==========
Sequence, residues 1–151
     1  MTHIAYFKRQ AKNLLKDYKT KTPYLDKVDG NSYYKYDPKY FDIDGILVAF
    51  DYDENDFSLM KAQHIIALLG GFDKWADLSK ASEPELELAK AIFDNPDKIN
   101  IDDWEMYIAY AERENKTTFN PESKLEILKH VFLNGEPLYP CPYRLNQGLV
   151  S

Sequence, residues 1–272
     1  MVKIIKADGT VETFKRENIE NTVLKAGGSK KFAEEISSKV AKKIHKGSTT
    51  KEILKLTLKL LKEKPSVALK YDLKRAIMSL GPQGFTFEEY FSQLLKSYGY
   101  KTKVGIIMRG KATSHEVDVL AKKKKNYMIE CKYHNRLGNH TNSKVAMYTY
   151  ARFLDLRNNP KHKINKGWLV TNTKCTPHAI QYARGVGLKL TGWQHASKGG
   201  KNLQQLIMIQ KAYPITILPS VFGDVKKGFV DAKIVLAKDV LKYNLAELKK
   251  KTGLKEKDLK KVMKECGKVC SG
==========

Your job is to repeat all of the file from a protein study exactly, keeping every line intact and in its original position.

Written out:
Sequence, residues 1–151
     1  MTHIAYFKRQ AKNLLKDYKT KTPYLDKVDG NSYYKYDPKY FDIDGILVAF
    51  DYDENDFSLM KAQHIIALLG GFDKWADLSK ASEPELELAK AIFDNPDKIN
   101  IDDWEMYIAY AERENKTTFN PESKLEILKH VFLNGEPLYP CPYRLNQGLV
   151  S

Sequence, residues 1–272
     1  MVKIIKADGT VETFKRENIE NTVLKAGGSK KFAEEISSKV AKKIHKGSTT
    51  KEILKLTLKL LKEKPSVALK YDLKRAIMSL GPQGFTFEEY FSQLLKSYGY
   101  KTKVGIIMRG KATSHEVDVL AKKKKNYMIE CKYHNRLGNH TNSKVAMYTY
   151  ARFLDLRNNP KHKINKGWLV TNTKCTPHAI QYARGVGLKL TGWQHASKGG
   201  KNLQQLIMIQ KAYPITILPS VFGDVKKGFV DAKIVLAKDV LKYNLAELKK
   251  KTGLKEKDLK KVMKECGKVC SG